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Alumni Book Project

Welcome to the 2016-2017 school year!

Fairhaven School’s Public Relations Committee has begun interviewing alumni for a book about their experiences as students here. Prior to the release of the book, we will be sharing some of their words. Today, some excerpts from Zoe Woodbridge, class of 2009.

Field trips- I was pretty involved in field trips. Again, it was a way students could express their freedom and the trust we’d be given at school. I’d be talking with a group of friends and one of us would say “It’d be cool to go hike Old Rag,” and so we’d get a sign up sheet and make sure we had transportation and staff to go with us, as well as funds for the trip. I also went on the ski trip my first year. It was great to still have that same freedom that I would’ve had at school, but in a new place. We weren’t necessarily expected to “report” to anyone and it was a great way to spend time with friends outside of school.

Staff- My relationships with staff vs. my relationships with previous teachers or administrators were very different. I developed more personal relationships with staff at Fairhaven and still consider many of them to be friends and people I would go to for advice about life in general. I could even curse in front of them and not necessarily get in trouble, not that I ever really cursed that much, but that was weird for me to get used to… to feel like these adults were, for the most part, my equals. It was refreshing. 

Zoe Woodbridge, right, chairing School Meeting.

Zoe Woodbridge, right, chairing School Meeting.

Age mixing- I know some people didn’t like it, but I personally loved the age mixing at Fairhaven. I had friends who were three years younger or older than me, and I wouldn’t have had that if I had been assigned to a certain grade. I spent some time in my last year with our Play Time group and with a lot of the younger kids, playing hide and seek or reading to them. It’s definitely given me good experience when it comes to working with kids, which I’ve been doing since I graduated from college. I think it also made me more interested in the social work field, specifically working with young children.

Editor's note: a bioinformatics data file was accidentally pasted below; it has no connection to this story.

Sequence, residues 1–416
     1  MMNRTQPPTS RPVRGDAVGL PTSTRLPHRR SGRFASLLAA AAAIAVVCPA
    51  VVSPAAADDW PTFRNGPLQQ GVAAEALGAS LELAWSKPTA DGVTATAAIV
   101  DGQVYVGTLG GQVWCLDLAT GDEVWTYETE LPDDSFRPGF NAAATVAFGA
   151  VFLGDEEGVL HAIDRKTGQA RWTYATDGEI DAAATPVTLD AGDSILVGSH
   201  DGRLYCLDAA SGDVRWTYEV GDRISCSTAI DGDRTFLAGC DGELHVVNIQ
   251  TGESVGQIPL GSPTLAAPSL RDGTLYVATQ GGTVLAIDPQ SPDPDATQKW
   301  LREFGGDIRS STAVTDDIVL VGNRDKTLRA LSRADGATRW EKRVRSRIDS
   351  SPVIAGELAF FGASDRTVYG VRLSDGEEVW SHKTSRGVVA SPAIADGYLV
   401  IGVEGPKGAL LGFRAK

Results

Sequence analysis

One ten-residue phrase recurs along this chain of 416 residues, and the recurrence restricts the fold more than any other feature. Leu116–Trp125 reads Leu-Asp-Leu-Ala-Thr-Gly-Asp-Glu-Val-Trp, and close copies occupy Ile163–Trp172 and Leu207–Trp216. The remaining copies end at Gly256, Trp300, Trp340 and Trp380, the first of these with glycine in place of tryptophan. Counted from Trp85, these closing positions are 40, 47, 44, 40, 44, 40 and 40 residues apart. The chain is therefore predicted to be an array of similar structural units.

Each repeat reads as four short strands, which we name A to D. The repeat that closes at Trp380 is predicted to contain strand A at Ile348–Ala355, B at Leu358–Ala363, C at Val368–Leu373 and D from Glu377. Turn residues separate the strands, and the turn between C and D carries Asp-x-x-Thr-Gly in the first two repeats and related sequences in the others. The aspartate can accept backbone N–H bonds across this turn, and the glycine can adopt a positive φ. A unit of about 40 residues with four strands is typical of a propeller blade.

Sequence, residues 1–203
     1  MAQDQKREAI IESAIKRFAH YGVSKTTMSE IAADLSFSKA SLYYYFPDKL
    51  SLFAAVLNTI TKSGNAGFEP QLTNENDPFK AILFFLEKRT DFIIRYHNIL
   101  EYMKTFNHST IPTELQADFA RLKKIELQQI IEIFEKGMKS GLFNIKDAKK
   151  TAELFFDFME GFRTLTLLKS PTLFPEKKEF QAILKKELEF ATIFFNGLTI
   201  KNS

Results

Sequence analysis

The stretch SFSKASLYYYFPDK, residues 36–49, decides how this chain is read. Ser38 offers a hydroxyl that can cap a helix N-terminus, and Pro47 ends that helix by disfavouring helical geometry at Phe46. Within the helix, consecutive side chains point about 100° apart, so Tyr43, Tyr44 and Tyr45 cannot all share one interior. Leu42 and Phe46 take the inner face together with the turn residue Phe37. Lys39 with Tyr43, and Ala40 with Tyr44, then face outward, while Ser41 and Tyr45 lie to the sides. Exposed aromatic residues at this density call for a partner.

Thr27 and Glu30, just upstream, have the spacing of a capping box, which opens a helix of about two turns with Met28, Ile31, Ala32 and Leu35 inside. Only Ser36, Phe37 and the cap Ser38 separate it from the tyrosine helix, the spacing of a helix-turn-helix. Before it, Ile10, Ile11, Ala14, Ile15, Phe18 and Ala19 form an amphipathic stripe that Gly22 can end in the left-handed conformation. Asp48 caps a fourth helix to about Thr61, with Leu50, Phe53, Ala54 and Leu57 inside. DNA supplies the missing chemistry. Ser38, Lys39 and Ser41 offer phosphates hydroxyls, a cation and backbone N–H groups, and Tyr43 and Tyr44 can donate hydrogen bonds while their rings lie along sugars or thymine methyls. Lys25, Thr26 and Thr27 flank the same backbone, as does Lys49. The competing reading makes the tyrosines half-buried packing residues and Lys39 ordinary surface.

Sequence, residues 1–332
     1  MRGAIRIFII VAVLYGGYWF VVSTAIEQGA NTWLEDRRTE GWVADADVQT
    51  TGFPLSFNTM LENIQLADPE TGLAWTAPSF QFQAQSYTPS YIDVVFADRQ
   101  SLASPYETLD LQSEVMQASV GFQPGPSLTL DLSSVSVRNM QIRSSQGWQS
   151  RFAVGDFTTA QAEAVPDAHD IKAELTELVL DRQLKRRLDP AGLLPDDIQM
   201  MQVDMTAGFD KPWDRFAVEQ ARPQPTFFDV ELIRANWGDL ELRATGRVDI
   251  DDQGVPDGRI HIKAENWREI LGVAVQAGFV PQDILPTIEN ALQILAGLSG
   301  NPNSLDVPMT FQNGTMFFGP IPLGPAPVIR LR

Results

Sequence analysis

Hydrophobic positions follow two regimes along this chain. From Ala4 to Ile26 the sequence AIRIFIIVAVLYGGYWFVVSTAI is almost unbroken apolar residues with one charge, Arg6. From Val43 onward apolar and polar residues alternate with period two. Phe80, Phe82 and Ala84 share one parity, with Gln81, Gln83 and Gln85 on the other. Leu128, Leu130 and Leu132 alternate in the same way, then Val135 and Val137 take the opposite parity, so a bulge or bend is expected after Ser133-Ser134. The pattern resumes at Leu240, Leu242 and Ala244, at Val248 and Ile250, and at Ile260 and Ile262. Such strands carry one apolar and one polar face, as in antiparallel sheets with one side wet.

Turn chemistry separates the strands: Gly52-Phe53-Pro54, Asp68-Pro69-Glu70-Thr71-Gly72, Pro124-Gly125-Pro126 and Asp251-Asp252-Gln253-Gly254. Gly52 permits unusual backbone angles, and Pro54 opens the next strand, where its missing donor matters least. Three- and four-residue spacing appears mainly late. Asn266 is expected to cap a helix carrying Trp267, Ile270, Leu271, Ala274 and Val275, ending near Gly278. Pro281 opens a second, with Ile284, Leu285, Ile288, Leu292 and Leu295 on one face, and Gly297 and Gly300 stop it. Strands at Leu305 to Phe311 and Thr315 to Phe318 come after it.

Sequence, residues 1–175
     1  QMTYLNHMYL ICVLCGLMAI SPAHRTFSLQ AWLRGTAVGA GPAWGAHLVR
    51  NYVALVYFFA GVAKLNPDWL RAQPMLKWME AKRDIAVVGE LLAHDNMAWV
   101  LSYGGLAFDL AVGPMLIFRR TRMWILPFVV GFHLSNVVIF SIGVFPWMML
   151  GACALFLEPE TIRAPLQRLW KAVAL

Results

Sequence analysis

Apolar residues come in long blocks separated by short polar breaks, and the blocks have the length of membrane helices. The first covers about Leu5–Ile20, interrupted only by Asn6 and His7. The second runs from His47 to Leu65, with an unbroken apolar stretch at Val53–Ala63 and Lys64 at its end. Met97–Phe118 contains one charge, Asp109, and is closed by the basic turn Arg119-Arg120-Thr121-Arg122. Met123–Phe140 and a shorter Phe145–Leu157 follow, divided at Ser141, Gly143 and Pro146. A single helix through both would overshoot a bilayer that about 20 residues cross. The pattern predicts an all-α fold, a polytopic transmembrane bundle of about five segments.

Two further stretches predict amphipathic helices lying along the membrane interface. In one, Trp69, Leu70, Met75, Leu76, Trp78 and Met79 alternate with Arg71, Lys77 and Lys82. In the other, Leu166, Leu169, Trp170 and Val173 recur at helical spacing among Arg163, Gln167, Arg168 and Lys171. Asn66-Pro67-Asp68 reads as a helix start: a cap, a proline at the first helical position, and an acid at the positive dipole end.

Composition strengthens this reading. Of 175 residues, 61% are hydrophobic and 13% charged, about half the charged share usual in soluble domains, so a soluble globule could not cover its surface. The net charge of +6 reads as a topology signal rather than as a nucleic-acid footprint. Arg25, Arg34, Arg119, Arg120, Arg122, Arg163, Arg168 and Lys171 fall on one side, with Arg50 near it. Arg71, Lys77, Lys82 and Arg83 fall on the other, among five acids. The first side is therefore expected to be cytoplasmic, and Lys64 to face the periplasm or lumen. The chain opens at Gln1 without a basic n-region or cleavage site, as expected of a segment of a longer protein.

Essence of Fairhaven- I think for me the essence of Fairhaven was when a random capture-the-flag game would start. The weather would have to be nice, so it was usually towards the end of the school year. And you would just hear several people yell “capture the flag!” as loud as they could and whoever wanted to would run down to the field and start making teams. I was so nervous to play when I first came to Fairhaven, not knowing very many people. But everyone would encourage you to join in and it was just great camaraderie. I think you see that every year at the Alumni Picnic/Flag Day, too. Everyone comes back home, and it’s like you pick up the game where you left off. 

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Class of 2015 Video

As we mentioned earlier on this blog , we are profiling the five graduates of the Class of 2015 as a way to reveal Fairhaven School’s unique approach to education. We hope, then, that you enjoy this video produced by Fairhaven School alumnus and staff member Richard Morris.

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Class of 2015 Video

As we mentioned earlier on this blog , we are profiling the five graduates of the Class of 2015 as a way to reveal Fairhaven School’s unique approach to education. We hope, then, that you enjoy this video produced by Fairhaven School alumnus and staff member Richard Morris.

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Class of 2015 Video

As we mentioned earlier on this blog , we are profiling the five graduates of the Class of 2015 as a way to reveal Fairhaven School’s unique approach to education. We hope, then, that you enjoy this video produced by Fairhaven School alumnus and staff member Richard Morris.

Comments off

Class of 2015 Video

As we mentioned earlier on this blog , we are profiling the five graduates of the Class of 2015 as a way to reveal Fairhaven School’s unique approach to education. We hope, then, that you enjoy this video produced by Fairhaven School alumnus and staff member Richard Morris.

Comments off

Class of 2015 Video

As we mentioned earlier on this blog , we are profiling the five graduates of the Class of 2015 as a way to reveal Fairhaven School’s unique approach to education. We hope, then, that you enjoy this video produced by Fairhaven School alumnus and staff member Richard Morris.

Comments off

Class of 2015 Video

As we mentioned earlier on this blog , we are profiling the five graduates of the Class of 2015 as a way to reveal Fairhaven School’s unique approach to education. We hope, then, that you enjoy this video produced by Fairhaven School alumnus and staff member Richard Morris.

Comments off

Class of 2015 Video

As we mentioned earlier on this blog , we are profiling the five graduates of the Class of 2015 as a way to reveal Fairhaven School’s unique approach to education. We hope, then, that you enjoy this video produced by Fairhaven School alumnus and staff member Richard Morris.

Comments off